"Select Committee staff heard from several stakeholders in meetings and through responses to our request for information that recycling and circular economy strategies should be included in our recommendations," the staffer said via email, adding the Save Our Seas 2.0 Act and Break Free From Plastic Pollution Act played a key role in shaping the committee's recommendations.
Food waste is also prominent in the blueprint, with an emphasis on agriculture and encouraging composting, as is improving wastewater treatment infrastructure. As part of a focus on decarbonizing, Democrats back "qualified hydropower and landfill gas" as potential solutions. Others include improving community and farm access to small-scale anaerobic digestion, along with expanding waste heat-to-power technology.
Policy recommendations for the disposal of radioactive waste are also included, as well as for hazardous waste from the oil and gas industry. Singling out Superfund sites, brownfields and other toxic waste areas as being vulnerable to climate impacts, the document recommends Congress "establish financial assurance requirements" under CERCLA and increase U.S. EPA cleanup funding.
Along with legislation like the recycling bills, Democrats suggest achieving many of the goals outlined through mechanisms like carbon pricing, tax incentives and backing worker's unions. Support for hazardous waste workers and environmental justice communities is also outlined, including prioritizing the mitigation of air and water pollution.
Republicans on the select committee released a separate statement on the document voicing objections and saying "the nation is in a far different place than when the committee was formed last year" due to the pandemic. That changed reality, they say, means lawmakers should focus more on the economy and less on efforts like zeroing out emissions.
A diverse group of stakeholders have praised the plan, ranging from environmental groups like U.S. PIRG and the Environmental Defense Fund to Zurich North America, part of the Zurich Insurance Group, which called the document a "positive and significant step" in a statement. But Riley of NWRA criticized components of the proposal, including support for a national bottle bill.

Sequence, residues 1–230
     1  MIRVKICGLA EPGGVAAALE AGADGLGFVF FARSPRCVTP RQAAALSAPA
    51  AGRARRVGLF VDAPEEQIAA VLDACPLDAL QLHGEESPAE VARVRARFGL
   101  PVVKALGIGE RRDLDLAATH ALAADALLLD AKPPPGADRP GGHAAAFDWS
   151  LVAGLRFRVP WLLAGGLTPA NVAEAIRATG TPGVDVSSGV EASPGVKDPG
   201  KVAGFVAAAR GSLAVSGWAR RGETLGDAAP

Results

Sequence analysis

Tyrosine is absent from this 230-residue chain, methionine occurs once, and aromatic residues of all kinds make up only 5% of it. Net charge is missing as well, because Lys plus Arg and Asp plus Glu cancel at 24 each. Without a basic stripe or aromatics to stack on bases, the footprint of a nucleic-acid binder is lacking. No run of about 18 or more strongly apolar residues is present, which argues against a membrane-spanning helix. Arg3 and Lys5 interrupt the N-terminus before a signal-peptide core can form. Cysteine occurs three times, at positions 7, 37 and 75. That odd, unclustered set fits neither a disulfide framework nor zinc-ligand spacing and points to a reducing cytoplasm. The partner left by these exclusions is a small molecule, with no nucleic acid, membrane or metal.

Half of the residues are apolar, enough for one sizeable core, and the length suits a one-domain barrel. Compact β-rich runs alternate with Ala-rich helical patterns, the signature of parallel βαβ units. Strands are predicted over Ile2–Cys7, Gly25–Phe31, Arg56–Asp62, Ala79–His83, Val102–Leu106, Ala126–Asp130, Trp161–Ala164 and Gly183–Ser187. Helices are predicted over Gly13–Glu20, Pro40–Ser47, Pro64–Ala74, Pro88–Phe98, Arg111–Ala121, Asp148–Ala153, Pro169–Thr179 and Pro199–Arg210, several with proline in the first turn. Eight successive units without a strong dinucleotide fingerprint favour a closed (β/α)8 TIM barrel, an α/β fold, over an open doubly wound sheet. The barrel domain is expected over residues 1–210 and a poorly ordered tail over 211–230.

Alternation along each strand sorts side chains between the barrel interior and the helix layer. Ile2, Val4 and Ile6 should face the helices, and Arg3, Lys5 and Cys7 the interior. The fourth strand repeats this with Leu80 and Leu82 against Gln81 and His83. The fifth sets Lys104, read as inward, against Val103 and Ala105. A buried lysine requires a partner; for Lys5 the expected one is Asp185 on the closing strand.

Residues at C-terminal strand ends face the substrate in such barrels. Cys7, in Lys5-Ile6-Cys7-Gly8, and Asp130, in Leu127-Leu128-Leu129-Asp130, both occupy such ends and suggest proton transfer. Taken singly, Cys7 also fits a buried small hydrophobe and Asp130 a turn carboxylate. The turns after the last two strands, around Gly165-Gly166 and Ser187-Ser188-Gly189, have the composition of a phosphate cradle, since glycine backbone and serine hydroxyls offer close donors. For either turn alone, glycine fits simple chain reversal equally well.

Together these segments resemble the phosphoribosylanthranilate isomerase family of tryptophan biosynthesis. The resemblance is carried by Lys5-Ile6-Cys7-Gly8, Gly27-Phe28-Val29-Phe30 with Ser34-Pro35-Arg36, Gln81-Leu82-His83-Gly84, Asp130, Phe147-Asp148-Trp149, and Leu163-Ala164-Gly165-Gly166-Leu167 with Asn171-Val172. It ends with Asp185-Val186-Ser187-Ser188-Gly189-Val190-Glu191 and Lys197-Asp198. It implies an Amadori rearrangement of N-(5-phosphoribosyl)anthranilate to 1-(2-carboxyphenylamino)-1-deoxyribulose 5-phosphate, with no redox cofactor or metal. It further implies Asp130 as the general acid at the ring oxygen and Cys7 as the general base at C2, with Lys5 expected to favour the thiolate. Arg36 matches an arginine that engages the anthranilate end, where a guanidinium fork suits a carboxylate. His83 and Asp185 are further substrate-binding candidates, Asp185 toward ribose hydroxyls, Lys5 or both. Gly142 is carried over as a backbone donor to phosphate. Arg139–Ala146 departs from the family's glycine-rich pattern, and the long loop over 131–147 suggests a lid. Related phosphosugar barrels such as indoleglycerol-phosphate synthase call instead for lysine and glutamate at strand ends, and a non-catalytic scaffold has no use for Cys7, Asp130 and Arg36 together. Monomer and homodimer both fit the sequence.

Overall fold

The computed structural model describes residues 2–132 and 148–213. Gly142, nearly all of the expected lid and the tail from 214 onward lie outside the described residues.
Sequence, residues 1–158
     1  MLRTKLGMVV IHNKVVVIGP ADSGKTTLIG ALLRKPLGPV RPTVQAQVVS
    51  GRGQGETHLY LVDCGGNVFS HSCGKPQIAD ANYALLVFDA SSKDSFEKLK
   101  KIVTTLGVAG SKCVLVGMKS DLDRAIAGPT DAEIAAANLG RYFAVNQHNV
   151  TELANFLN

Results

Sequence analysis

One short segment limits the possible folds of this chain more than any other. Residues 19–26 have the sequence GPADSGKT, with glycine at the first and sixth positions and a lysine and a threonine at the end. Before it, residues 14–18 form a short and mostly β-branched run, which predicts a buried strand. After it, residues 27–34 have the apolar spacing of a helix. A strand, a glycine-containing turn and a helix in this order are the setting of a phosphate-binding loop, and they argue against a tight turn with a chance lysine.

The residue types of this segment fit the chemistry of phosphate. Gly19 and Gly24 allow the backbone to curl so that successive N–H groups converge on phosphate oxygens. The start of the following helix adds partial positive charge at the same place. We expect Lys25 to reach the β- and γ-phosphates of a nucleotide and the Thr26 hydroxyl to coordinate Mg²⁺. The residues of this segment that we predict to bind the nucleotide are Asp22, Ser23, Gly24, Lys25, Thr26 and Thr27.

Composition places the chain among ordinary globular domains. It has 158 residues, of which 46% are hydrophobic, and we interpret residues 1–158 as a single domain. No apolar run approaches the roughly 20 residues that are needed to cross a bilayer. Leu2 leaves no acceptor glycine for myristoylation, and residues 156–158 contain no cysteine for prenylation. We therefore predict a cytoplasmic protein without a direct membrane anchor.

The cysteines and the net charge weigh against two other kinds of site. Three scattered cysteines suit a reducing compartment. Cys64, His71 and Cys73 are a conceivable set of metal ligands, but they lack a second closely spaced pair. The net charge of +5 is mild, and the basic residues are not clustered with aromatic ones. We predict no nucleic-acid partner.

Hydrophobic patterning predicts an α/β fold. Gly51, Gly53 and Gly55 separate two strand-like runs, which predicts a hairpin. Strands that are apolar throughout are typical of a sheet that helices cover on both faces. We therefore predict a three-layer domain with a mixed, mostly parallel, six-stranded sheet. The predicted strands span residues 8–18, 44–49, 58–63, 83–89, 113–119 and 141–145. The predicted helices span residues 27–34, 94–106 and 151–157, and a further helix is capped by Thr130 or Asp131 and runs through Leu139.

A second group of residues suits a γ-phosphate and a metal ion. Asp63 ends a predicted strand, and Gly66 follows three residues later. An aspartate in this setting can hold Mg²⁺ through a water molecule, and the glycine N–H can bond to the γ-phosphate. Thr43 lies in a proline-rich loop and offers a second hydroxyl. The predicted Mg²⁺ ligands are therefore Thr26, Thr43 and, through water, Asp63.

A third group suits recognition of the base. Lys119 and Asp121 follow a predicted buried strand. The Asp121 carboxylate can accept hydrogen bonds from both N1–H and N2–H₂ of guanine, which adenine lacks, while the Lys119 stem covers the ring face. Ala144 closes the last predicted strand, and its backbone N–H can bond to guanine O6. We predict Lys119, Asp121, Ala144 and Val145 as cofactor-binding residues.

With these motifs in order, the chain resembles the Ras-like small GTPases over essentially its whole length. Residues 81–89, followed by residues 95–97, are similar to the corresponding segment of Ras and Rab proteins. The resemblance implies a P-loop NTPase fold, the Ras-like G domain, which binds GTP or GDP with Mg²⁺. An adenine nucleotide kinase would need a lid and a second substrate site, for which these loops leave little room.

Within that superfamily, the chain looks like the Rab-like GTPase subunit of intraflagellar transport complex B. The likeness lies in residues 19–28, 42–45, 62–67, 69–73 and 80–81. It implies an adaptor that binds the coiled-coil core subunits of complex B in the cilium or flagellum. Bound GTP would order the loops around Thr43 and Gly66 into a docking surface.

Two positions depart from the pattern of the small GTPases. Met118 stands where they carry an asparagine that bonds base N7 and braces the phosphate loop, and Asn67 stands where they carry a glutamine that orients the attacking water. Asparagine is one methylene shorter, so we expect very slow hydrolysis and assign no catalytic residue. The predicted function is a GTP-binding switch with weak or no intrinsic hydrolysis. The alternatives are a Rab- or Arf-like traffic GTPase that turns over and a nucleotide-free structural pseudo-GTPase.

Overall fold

"NWRA will support those sections of the action plan that make both environmental and economic sense while working to change the detrimental policies into ones that can garner broad consensus," he said.
Congressional attention has been building around recycling to an extent not seen in years, and the action plan comes as that momentum endures despite a lull due to the pandemic. A Senate hearing last month appeared to revive the upper chamber's interest in federal recycling legislation, with input from Closed Loop Partners (CLP), More Recycling, and the Consumer Brands Association.
During that hearing, CLP Managing Director Bridget Croke said her organization is supportive of efforts to spur market demand for recyclables, including tax incentives. Regarding the new action plan, Croke told Waste Dive CLP is not proactively advocating for any bills, but that engagement with lawmakers has been a priority. "What we try to do is act as experts, to help policymakers understand what type of policy could help drive more investment from the private market," she said.
The proposal has support from some powerful house members including Majority Leader Nancy Pelosi, D-Calif. House Energy and Commerce Committee Chair Frank Pallone, D-N.J., co-chair of the House recycling caucus, praised it as "hugely helpful" and said it validated the work his own committee is undertaking.
"We all agree we must enact thoughtful, ambitious policy changes to get the country to net-zero climate pollution by 2050 and build a clean economy that invests in workers and advances environmental justice," he said in a statement.
EPA Administrator Andrew Wheeler, however, panned the plan as unrealistic. In an appearance on Fox Business, Wheeler said the blueprint will "turn around the economic growth that President Trump has delivered."